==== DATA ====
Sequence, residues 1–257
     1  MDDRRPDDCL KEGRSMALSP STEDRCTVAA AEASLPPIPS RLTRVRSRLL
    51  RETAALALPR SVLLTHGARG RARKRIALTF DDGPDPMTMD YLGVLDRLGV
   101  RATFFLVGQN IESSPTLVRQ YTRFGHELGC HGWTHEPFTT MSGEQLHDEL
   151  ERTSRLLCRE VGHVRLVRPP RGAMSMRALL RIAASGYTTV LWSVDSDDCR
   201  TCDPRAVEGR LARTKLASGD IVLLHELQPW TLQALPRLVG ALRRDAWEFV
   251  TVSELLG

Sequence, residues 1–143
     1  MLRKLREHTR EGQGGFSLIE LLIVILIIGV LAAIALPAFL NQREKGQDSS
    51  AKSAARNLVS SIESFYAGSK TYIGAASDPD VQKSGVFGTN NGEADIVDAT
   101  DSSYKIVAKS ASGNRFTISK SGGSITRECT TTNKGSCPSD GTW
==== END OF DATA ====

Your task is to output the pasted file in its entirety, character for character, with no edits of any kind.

Sequence, residues 1–257
     1  MDDRRPDDCL KEGRSMALSP STEDRCTVAA AEASLPPIPS RLTRVRSRLL
    51  RETAALALPR SVLLTHGARG RARKRIALTF DDGPDPMTMD YLGVLDRLGV
   101  RATFFLVGQN IESSPTLVRQ YTRFGHELGC HGWTHEPFTT MSGEQLHDEL
   151  ERTSRLLCRE VGHVRLVRPP RGAMSMRALL RIAASGYTTV LWSVDSDDCR
   201  TCDPRAVEGR LARTKLASGD IVLLHELQPW TLQALPRLVG ALRRDAWEFV
   251  TVSELLG

Sequence, residues 1–143
     1  MLRKLREHTR EGQGGFSLIE LLIVILIIGV LAAIALPAFL NQREKGQDSS
    51  AKSAARNLVS SIESFYAGSK TYIGAASDPD VQKSGVFGTN NGEADIVDAT
   101  DSSYKIVAKS ASGNRFTISK SGGSITRECT TTNKGSCPSD GTW